There are reasons I might be predisposed to accept Favale’s theory. The idea that the physical world bears meaning was close to the heart of my own conversion. Our physical bodies are vessels not solely of feelings but of meanings beyond what we can feel. Or not even vessels—our bodies are inextricable from the image of God that we bear. “Nature is a language, can’t you read?”, as I think maybe John Paul II or somebody once said.
And, like virtually every woman I have ever met, I had experiences which appear in many trans people’s autobiographies. Mine was that I usually imagined myself as a boy when I played alone. (With other girls I was happy enough in the usual Gen X lesbian childhood activities, e.g. being Cat-Ra.) These are kind of sweetly sad memories—this is the little plastic exiled soldier I wrote about in Gay and Catholic. But other women report much more painful experiences: hating their bodies, hating their breasts, hating the ways their bodies revealed them as women. Facing all those unfriendly or overfriendly eyes.
If you wanted an image of Crucifixion within the human body, you could do worse than menarche. Puberty for both sexes involves catastrophic loss of control of your body; when you add blood and repeated, sometimes debilitating (and often treated as shameful) pain, it is no wonder that so many women had a long and hard journey to accepting their bodies, accepting themselves as women. One of my personal top five movies ever made, The Fits, is about puberty as a girl’s discovery of her own helplessness—and it ends with her ecstatic embrace of that helplessness.
Okay but so I told a priest about this movie, and later I found out that he’d told a lesbian friend to watch it because he thought it might make her more gender-conforming. A way you can respond, as a cisgender woman, to trans men’s accounts of their own experience, is: “I felt that way too, because of misogyny [or abuse, or just menarche], and thank God I didn’t let anybody convince me I was trans, because I had no idea how amazing it would be to breastfeed my child.” Another person’s life becomes solely a mirror. Any wisdom carried in the trans person’s experience is interpreted exclusively in terms of the (real! important!) wisdom in the cis person’s.
Maybe that wouldn’t matter if we had definitive Catholic teaching on trans identities and hard-and-fast guidance for trans Catholics’ choices. (Nah, it would still matter, but I guess it would matter differently.) We don’t actually have that certainty. It hasn’t been given us. Maybe because we don’t need it yet. Maybe because it isn’t a kind of certainty that can exist.
If the way you know who’s a man is the gametes (and the gametes are never ambiguous), that means there’s always, infallibly a “way you know.” And so “Male and female He created them” means that we can always know which one we are.
Were we promised that?
There is no Catholic account of the human person without our bodies and our sex. But we already know that our bodily sex can be complex and confusing. A word spoken by God, but hard to interpret! A body which, if it is to be made whole, may need help—Jay Prosser’s Second Skins describes surgical transition as “reconstructive surgery.” A body whose wounds may not be healed, as Chris notes, but rather glorified. The vast majority of trans people describe gender discordance as confusing, a problem, a kind of lack. (Although I note that Venerable Juana de la Cruz Vázquez Gutiérrez proclaimed that when she was “in her mother's womb beginning to become a man, [God] turned her into a woman (which he could do and can do because he is almighty). His Divine Majesty did not choose to undo her Adam’s apple because it was a testimony of this miracle: when he turned her into a woman.” Maybe we need to seek out ways to understand discordance within one’s sex identity in terms of witness, as the stigmata witness.) Many people have found that although their bodies remain complex and imperfect after surgical transition, the woundedness they experience after the transition is more light-filled, more resonant with the meaning their bodies bear, than the woundedness they experienced before. They are grateful for their kintsugi bodies.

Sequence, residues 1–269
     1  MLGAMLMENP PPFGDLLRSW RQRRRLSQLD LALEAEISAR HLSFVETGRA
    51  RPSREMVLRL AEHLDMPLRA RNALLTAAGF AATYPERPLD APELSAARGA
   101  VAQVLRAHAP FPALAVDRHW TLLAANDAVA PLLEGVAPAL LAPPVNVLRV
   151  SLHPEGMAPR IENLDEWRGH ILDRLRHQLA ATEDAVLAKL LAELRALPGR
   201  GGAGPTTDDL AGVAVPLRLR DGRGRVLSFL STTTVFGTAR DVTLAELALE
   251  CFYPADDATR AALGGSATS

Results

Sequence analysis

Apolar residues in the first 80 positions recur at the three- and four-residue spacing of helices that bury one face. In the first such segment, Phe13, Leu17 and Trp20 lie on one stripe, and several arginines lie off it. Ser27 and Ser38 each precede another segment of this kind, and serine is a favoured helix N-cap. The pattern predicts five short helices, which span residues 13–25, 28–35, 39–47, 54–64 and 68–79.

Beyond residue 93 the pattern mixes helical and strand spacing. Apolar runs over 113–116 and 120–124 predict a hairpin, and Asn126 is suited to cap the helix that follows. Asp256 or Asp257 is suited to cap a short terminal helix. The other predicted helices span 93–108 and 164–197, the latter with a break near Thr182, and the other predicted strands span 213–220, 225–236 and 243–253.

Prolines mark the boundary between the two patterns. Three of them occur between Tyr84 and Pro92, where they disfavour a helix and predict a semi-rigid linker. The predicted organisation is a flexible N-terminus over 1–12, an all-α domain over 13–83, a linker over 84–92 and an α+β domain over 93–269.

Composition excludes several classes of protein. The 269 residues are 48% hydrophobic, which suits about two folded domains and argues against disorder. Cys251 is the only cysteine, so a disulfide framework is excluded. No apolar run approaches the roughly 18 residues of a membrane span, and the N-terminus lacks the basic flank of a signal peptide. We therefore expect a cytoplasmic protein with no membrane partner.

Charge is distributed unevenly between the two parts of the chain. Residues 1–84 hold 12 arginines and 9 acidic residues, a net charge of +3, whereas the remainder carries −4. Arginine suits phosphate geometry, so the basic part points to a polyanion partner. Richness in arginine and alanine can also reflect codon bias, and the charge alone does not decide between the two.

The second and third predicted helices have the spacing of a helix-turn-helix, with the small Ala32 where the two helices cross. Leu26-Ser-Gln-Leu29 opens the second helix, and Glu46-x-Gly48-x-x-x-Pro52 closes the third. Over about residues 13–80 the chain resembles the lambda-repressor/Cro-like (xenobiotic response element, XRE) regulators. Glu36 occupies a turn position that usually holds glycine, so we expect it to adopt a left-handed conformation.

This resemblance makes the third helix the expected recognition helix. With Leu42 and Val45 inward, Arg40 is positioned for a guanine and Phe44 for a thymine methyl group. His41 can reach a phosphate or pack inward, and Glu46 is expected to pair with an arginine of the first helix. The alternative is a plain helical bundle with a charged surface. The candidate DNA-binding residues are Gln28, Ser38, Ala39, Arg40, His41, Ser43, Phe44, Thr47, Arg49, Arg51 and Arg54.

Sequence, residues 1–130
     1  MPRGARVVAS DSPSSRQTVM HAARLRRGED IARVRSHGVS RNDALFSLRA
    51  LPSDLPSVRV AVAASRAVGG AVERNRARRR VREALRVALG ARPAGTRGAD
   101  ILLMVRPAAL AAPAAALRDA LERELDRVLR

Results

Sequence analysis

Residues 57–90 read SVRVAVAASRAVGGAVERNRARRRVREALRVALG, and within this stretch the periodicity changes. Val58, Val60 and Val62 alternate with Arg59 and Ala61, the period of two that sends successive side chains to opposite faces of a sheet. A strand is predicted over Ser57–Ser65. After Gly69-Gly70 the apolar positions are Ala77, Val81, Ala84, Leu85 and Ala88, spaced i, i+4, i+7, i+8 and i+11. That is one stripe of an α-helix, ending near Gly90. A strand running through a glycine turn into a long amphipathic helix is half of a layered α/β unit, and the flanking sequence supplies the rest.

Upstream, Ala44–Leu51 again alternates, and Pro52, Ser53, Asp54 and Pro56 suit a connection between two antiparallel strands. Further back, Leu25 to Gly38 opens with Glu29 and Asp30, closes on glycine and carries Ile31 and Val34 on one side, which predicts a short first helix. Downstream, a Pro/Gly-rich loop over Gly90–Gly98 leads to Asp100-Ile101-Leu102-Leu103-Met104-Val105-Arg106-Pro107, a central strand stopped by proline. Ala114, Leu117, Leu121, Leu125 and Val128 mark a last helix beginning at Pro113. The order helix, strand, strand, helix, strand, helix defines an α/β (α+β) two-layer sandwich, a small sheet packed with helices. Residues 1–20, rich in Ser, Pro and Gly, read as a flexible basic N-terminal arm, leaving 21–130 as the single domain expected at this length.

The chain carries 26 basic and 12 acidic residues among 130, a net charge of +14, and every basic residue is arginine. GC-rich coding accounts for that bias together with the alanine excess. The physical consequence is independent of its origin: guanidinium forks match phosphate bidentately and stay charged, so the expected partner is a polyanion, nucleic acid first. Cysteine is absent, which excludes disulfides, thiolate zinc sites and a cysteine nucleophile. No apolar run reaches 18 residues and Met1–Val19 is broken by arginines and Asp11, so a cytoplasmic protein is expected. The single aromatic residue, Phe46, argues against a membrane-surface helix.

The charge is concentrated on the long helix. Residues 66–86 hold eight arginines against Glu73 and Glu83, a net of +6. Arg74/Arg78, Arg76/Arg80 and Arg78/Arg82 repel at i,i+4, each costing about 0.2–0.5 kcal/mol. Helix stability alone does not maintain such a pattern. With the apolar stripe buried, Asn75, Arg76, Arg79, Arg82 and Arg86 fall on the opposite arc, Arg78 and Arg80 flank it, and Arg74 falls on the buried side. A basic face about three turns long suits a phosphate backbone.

The project of reconstructing our sexed body isn’t to be undertaken lightly. Chris writes well about that, so I’ll skimp on it; but I’ve known trans people who decided not to transition medically for religious reasons, trans people who decided that medical (inc hormones) or surgical transition isn’t right for them, and people who went through a period of ambivalence and exploration before returning to a cis identity. Cisgendered Catholic intellectual types like me are not the only people who need support in living with unresolved ambiguities! Chris gives some recommendations there.
Look: it is easy to think about things. If we are to receive clearer guidance from the Church, I can only hope that it will come when and because we have created churches and communities where people experiencing gender discordance are safe. I expect Abigail knows and says this in her book, and does her best to live it out in her own communities—although Chris gives very plainspoken cautions about how far good intentions can go here.
We can’t act well if we act on the basis of a false certainty. We can’t guide people by a light we haven’t actually been given.
I initially planned to write this on Monday, but it got delayed ’til Ash Wednesday. In the readings for today, we are reminded of our physicality: the importance of our bodies, and the importance of our bodies’ vulnerability. We are reminded that we are mortals. And that we’re creatures: we are little. There is so much about others’ lives that is hidden from us, and seen only by our Father in Heaven, who sees what is hidden.
Allegri’s Miserere (performed by the Tallis Scholars)
Kintsugi jug by “Guggger,” via Wikimedia Commons, and used under a Creative Commons license.